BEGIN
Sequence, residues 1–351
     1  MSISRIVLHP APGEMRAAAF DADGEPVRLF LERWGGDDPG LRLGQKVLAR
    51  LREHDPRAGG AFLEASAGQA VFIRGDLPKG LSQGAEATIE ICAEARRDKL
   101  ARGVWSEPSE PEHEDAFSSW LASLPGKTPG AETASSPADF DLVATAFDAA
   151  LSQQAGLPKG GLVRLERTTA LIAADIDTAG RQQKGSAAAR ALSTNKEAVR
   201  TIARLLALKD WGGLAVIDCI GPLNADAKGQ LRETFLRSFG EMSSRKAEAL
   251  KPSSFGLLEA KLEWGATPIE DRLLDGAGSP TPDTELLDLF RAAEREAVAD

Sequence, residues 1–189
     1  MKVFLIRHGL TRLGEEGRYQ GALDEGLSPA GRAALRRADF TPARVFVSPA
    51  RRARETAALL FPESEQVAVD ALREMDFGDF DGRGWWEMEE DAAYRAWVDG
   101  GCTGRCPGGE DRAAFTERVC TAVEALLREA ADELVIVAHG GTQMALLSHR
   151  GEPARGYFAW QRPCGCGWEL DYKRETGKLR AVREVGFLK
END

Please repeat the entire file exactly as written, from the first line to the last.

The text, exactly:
Sequence, residues 1–351
     1  MSISRIVLHP APGEMRAAAF DADGEPVRLF LERWGGDDPG LRLGQKVLAR
    51  LREHDPRAGG AFLEASAGQA VFIRGDLPKG LSQGAEATIE ICAEARRDKL
   101  ARGVWSEPSE PEHEDAFSSW LASLPGKTPG AETASSPADF DLVATAFDAA
   151  LSQQAGLPKG GLVRLERTTA LIAADIDTAG RQQKGSAAAR ALSTNKEAVR
   201  TIARLLALKD WGGLAVIDCI GPLNADAKGQ LRETFLRSFG EMSSRKAEAL
   251  KPSSFGLLEA KLEWGATPIE DRLLDGAGSP TPDTELLDLF RAAEREAVAD

Sequence, residues 1–189
     1  MKVFLIRHGL TRLGEEGRYQ GALDEGLSPA GRAALRRADF TPARVFVSPA
    51  RRARETAALL FPESEQVAVD ALREMDFGDF DGRGWWEMEE DAAYRAWVDG
   101  GCTGRCPGGE DRAAFTERVC TAVEALLREA ADELVIVAHG GTQMALLSHR
   151  GEPARGYFAW QRPCGCGWEL DYKRETGKLR AVREVGFLK